Lecture series were a major form of entertainment in the late 1800s. The photo shows Ackley Hall on the south side of West Main Street where Samuel L. Clemens (better known by his pen name, Mark Twain) lectured on 13-Jan-1870 at the age of 34.
Below is a recount of his visit based on the letters he wrote to his fiancé, Olivia (Livy) Langdon. The letters were published by the Bancroft Library at the University of California, Berkeley. All letters to Livy are signed “Sam’ while letters to others are signed “Mark”.
The following letter was written on 14-Jan1870 from Troy, the next stop on his lecture tour. I have interjected comments from footnotes and from our local history files using the markings “[ed:]”
Harold and Betsy Ehrenfreund ran the Owl Kill Farm in the 1960s and 1970s. The egg farm was located on Owl Kill Road between Turnpike Road and NYS Rt 22 about 4 miles south of the village. Until 1970 the farm had moved slowly toward food products with the addition of packaged whole egg and scrambled egg mix. In 1970 the emphasis shifted to manufacturing and selling a shell-less, hard-cooked egg in convenience form
My friend, George Virtue, found an old baseball autographed by the Cambridge Central School baseball team from 1945. So I did a little research on the team, hoping to find the signed ball was a memento of a championship year. Alas, the school newspaper, Orange Tattler, reported that CCS finished second that year.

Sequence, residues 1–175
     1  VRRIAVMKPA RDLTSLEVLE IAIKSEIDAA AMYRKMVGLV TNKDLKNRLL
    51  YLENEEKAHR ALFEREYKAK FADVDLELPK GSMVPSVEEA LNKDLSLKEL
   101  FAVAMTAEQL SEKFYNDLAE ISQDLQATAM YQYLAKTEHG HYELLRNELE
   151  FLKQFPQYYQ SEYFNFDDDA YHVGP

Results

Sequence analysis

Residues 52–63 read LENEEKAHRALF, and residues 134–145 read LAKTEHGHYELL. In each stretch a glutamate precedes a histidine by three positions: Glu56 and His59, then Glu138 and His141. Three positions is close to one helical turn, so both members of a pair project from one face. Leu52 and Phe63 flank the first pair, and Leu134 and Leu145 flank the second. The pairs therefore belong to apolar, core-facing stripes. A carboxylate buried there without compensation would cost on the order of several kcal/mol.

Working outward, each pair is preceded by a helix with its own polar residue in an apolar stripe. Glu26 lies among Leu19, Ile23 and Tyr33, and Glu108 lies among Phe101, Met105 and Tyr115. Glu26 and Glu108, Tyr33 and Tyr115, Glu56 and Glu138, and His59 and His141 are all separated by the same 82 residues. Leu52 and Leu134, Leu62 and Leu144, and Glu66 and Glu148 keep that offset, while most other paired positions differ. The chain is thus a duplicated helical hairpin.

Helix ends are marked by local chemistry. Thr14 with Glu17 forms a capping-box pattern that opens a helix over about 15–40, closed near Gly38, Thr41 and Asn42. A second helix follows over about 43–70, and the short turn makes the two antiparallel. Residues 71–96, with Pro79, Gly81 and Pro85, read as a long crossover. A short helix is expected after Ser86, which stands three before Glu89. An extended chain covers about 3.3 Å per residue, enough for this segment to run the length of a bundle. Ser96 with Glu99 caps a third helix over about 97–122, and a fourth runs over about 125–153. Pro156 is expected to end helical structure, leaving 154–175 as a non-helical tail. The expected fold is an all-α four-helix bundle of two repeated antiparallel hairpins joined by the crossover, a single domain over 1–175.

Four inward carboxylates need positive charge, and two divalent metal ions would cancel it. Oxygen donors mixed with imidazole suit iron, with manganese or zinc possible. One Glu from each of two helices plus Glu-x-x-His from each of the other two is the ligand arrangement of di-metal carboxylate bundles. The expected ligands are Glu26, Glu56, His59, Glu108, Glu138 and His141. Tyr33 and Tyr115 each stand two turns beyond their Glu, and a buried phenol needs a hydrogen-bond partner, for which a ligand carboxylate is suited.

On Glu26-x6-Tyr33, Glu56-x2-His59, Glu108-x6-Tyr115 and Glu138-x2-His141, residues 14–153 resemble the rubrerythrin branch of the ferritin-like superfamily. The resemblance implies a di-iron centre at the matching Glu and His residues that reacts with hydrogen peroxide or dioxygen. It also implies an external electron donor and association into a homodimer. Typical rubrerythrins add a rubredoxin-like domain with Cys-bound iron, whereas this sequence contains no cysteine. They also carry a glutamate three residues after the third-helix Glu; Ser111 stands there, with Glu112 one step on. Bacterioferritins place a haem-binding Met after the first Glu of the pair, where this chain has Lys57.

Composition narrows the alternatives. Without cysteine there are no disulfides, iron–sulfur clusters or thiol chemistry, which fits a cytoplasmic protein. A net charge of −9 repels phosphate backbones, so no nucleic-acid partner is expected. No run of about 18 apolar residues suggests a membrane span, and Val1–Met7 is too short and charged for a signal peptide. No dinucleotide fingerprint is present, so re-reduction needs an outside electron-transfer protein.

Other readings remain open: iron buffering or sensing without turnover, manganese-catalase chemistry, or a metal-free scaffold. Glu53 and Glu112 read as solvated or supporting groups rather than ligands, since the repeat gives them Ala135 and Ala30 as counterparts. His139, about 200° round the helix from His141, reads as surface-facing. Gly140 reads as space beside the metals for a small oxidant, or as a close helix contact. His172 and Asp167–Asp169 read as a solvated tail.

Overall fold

During the 1976 Bicentennial celebration, the Village of Cambridge submitted a nomination form to the National Register of Historic Places. The appplication was accepted on 15-Nov-1978 as Referennce Number 78001922.
In general the district consists of properties facing on Main Street and South Union Street, plus a few properties on South Park, St. Luke's Place, and First Street
In Apr-2013 I took some short videos of the village. Eventually I will inject into the videos old photos and narrative to show Cambridge Then & Now.
The old blacksmith shop on the west side of Washington Street, just behind Hubbard Hall, was home to Walt Dunbar's welding shop in the 1960s. I remember sitting on my back screen porch at 39 E Main on a hot summer evening, looking across the Wilson's and Brewer's backyards, across Washington Street, to see the sparks fly from Walt's welding torch. In 2010 as part of the Freight Yard Restooration Project, the shed lean-to on the south side was torn off and the building was lovingly restored.